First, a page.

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Old 11-14-2012, 12:25 PM   #111
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Originally Posted by rocshaman

It's an interesting thread for sure. Davy really has him something there.
It will be an interesting build for sure. I don't know anything about it, I'll have to look it up.
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Old 11-14-2012, 01:32 PM   #112
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Wouldn't they have used a tap and die or possibly a lathe? As far as the threads it looks like they've weathered over time. In my line of work I see threads like that all the time usually caused by corrosion of some sort. They may very well have been pristine threads when they were cut but time has taken its toll. Anyway that's just a guess.
I suspect thats whats happened the cane has been stuck in a barn or somewhere gathering rust, the threads been cleaned up to reveal whats left.
I cannot see somebody hand cutting a thread on both ends and then hand cutting the female equivalent connections.
Its bad enough trying to sort out a crossed thread on a bolt, a hand cut thread
an internal thread to fit

Just thinking about how I would go about hand cutting a thread on an 1" dia tube using a file? and a saw

I also restore Old American from the 1800, BP rifles and they have rifled barrels of all shapes and sizes.
Not wishing to bore anybody but some of the Back wood Good old Boys cut the rifling in the barrels by hand but then we are talking 1 turn every foot.
which a hell of a lot easier than cutting a 10? tpi thread on an inch dia lump of metal!
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Old 11-14-2012, 02:05 PM   #113
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Being an expert in this field what is your opinion of the age of this weapon. My own opinion on research carried out is around 1840 - 1860.
I dont consider myself to be an expert, its just I have had numerous air rifles air canes to sort out, and try and bring back from the point of being thrown away.

Your dating I would say is spot on, I doubt you will ever be able to pin point the date it was made even if it had a makers name.
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Old 11-14-2012, 09:16 PM   #114
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The file would be custom made. The lathe would likely be foot or apprentice powered. The feed would dictate the length and size of the thread.

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Originally Posted by Vag View Post
I suspect thats whats happened the cane has been stuck in a barn or somewhere gathering rust, the threads been cleaned up to reveal whats left.
I cannot see somebody hand cutting a thread on both ends and then hand cutting the female equivalent connections.
Its bad enough trying to sort out a crossed thread on a bolt, a hand cut thread
an internal thread to fit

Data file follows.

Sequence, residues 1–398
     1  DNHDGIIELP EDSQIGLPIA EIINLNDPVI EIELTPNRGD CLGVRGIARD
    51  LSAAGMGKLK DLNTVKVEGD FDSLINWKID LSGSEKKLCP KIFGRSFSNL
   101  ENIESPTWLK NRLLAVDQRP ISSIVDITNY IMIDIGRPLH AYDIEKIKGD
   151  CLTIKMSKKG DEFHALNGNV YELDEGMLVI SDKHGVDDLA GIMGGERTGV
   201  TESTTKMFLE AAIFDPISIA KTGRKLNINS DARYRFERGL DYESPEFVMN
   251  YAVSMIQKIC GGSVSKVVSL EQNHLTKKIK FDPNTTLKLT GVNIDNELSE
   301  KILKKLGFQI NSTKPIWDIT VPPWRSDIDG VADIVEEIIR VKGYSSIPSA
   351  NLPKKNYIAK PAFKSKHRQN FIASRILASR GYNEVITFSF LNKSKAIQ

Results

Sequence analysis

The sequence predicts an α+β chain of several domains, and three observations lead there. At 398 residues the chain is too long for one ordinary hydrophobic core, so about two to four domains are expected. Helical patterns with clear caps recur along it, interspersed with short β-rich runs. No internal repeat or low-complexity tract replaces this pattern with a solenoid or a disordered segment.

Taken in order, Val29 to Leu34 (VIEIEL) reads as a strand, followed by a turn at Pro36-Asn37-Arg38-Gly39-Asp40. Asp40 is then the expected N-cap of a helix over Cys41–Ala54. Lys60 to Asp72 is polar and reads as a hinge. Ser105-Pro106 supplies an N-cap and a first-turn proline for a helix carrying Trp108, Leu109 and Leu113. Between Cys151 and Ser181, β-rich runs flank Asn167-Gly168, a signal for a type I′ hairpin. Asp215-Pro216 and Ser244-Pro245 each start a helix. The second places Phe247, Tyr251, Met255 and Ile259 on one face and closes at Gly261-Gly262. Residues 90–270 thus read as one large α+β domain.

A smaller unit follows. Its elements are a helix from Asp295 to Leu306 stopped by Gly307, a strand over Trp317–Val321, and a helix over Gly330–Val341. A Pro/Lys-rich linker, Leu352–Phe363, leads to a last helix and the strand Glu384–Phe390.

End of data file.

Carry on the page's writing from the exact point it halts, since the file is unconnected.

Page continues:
Just thinking about how I would go about hand cutting a thread on an 1" dia tube using a file? and a saw

I also restore Old American from the 1800, BP rifles and they have rifled barrels of all shapes and sizes.
Not wishing to bore anybody but some of the Back wood Good old Boys cut the rifling in the barrels by hand but then we are talking 1 turn every foot.
which a hell of a lot easier than cutting a 10? tpi thread on an inch dia lump of metal!
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Old 11-15-2012, 06:51 PM   #115
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Few people are aware of the part air weapons played in American history.
Check this out, at the time they where far superior to there black powder equivalent. Check this out.
http://www.nranews.com/videos/Treasure+J242+Lewis+and+Clark.aspx
if anybody is interested in the air rifle that Lewis and Clark

http://www.vintageairguns.co.uk/girandoni-air-rifle/
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Old 11-15-2012, 07:02 PM   #116
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if anybody is interested in the air rifle that Lewis and Clark

http://www.vintageairguns.co.uk/girandoni-air-rifle/
Amazing how similar the pressure release valve and assembly is to the air cane.


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Old 11-15-2012, 08:53 PM   #117
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Default Oops

Sorry thought i had uploaded this



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Old 11-16-2012, 12:15 PM   #118
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Sorry thought i had uploaded this
When I took this valve apart it was covered in a thick green paste?
It was goose grease. Nice!
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Old 11-22-2012, 04:49 PM   #119
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Why was it that they choose to use goose grease for these?

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Old 11-22-2012, 08:50 PM   #120
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Why was it that they choose to use goose grease for these?
Back in the day all that pumping to charge the chamber would cause condensation and water vapour in the chamber. Goose grease would help prevent corrosion and aid the seals in retaining pliability.
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